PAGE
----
Smoking, Surgery, and Venous Thromboembolism Risk in Women: United Kingdom Cohort Study

Study Questions:

Is smoking associated with venous thromboembolism (VTE) risk around the time of surgery?


Data from the Million Women Study, a prospective cohort study of 1.3 million women through the National Health Service (NHS) Breast Screening Program (in England and Scotland) were used for the present analysis. Women were enrolled between 1996 and 2001. Information on smoking status and amount currently smoked, as well as use of hormone replacement therapy, height and weight, physical activity, alcohol consumption, medical and reproductive history, use of oral contraceptives, education, and other factors was collected for study participants. Women with a history of previous VTE, clotting disorder, cancer, surgery in the 12 weeks before recruitment, or loss to NHS follow-up before study entry were excluded. Also excluded were those with missing information on smoking. Participant information allowed linkage to national registries, which captured information on hospital admissions. Women were classified as never, past, or current smokers as reported at recruitment; current smokers were further classified according to the average number (<15, ≥15) of cigarettes smoked per day. Women were classified as having a VTE if they had either a hospital admission record or death registration with an ICD code related to a VTE event.


During 6 years’ follow-up of 1,162,718 women (mean age 56 years), 4,630 were admitted to the hospital for or died of VTE. One-half of the cohort had never smoked (51%), whereas 28% were past smokers and 20% were current smokers at recruitment, with similar proportions smoking <15 and ≥15 cigarettes per day. The proportion of women in the lowest socioeconomic tertile increased from 27% in never-smokers to 51% in current heavy smokers. Smokers (past and current) were more likely to be current users of hormone replacement therapy than never-smokers, but current smokers were less likely to exercise regularly or to have a history of hypertension at recruitment. In the absence of surgery, current smokers had a significantly increased incidence of VTE compared with never-smokers (adjusted relative risk [RR], 1.38; 95% confidence interval [CI], 1.28-1.48), with significantly greater risks in heavier than lighter smokers (RR, 1.47; 95% CI, 1.34-1.62 and RR, 1.29; 95% CI, 1.17-1.42 for ≥15 vs. <15 cigarettes per day). Current smokers were also more likely to have surgery than never-smokers (RR, 1.12; 95% CI, 1.12-1.13). Among women who had surgery, the incidence of VTE in the first 12 postoperative weeks was significantly greater in current than never-smokers (RR, 1.16; 95% CI, 1.02-1.30).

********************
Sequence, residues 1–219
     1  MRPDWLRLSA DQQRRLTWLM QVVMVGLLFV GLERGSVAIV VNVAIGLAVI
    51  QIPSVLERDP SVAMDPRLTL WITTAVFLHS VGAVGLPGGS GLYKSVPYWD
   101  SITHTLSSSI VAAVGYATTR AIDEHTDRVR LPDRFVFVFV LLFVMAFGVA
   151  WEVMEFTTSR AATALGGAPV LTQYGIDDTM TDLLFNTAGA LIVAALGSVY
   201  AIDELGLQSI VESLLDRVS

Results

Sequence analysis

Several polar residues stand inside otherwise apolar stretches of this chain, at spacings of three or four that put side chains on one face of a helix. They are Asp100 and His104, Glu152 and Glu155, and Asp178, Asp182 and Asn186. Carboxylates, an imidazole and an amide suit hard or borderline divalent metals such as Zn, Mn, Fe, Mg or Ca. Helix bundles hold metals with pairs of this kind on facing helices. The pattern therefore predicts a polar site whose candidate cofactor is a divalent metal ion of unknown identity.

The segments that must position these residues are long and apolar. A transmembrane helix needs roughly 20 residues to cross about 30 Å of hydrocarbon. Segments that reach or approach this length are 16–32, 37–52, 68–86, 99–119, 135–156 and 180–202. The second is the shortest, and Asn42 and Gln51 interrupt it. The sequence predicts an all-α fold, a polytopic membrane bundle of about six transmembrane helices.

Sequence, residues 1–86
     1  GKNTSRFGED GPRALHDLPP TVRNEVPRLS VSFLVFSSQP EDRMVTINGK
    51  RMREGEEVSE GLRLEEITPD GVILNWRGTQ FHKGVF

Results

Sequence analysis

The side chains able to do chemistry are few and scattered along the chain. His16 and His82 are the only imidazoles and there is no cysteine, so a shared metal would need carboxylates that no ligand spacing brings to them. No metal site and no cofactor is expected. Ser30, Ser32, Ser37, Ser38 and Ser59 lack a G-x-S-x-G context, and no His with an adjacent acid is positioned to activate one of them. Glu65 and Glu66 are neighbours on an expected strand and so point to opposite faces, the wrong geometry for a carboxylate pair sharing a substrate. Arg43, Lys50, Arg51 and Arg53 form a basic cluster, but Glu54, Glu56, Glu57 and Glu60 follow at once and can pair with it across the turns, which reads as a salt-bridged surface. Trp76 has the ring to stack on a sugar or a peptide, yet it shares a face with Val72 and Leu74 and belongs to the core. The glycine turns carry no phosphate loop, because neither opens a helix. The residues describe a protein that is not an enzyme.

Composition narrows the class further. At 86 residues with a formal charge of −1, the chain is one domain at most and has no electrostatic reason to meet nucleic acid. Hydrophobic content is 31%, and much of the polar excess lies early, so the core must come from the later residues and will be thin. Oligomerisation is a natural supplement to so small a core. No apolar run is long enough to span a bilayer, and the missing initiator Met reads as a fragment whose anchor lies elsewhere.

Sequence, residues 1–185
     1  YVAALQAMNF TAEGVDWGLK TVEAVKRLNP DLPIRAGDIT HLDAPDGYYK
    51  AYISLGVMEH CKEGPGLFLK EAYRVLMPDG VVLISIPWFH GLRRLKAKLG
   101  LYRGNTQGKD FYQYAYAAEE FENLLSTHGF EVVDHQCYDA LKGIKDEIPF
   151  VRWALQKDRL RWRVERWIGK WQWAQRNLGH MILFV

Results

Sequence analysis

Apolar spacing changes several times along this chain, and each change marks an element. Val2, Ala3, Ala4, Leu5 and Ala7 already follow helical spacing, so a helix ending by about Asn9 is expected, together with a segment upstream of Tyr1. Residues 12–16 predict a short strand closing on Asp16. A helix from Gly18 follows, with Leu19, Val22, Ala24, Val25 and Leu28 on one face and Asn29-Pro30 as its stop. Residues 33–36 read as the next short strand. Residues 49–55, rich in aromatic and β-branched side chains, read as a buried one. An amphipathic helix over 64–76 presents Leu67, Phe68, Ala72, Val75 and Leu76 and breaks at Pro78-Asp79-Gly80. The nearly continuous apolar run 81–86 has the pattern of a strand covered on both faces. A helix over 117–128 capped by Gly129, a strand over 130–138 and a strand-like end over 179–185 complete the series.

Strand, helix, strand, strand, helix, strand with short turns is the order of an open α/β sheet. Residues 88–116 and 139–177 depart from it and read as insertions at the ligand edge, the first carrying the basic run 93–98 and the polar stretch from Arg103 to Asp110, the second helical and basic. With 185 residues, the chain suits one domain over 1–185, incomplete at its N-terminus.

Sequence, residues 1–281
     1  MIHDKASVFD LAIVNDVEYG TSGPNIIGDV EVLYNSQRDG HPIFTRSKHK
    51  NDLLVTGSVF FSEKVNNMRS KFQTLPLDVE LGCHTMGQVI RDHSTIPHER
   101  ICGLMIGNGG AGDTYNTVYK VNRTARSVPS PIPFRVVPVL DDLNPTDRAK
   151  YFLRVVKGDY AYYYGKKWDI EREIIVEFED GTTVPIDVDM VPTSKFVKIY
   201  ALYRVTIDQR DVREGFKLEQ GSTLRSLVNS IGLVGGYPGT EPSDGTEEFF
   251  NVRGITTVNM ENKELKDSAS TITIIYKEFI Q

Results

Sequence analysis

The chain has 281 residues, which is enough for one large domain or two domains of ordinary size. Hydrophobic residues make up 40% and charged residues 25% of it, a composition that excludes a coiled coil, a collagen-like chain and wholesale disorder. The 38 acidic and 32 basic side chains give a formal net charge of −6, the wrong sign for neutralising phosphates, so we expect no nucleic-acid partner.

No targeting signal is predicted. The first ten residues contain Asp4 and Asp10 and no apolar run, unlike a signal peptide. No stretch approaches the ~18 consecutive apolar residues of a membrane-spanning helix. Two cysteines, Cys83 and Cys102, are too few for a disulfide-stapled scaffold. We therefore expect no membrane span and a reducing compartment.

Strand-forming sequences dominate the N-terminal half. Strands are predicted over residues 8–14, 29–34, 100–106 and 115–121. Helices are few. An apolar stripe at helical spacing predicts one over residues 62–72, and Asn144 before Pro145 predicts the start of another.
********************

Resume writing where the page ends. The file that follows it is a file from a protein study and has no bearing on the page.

The investigators concluded that VTE incidence was increased in current smokers, both in the absence of surgery and in the 12 weeks after surgery. Smoking is another factor to consider in the assessment of VTE risk in patients undergoing surgery.


These data suggest an increased risk of VTE related to smoking. These data add further evidence regarding the benefits of smoking cessation, including reducing postoperative risk of VTE incidence.

Clinical Topics: Diabetes and Cardiometabolic Disease, Prevention, Pulmonary Hypertension and Venous Thromboembolism, Vascular Medicine, Exercise, Hypertension, Smoking

Keywords: Great Britain, Neoplasms, Contraceptives, Oral, Exercise, Venous Thromboembolism, Smoking, Postoperative Period, Ubiquitin-Protein Ligases, Cardiology, Cardiovascular Diseases, Motor Activity, Tobacco Use Disorder, Hormone Replacement Therapy, Hypertension, Smoking Cessation

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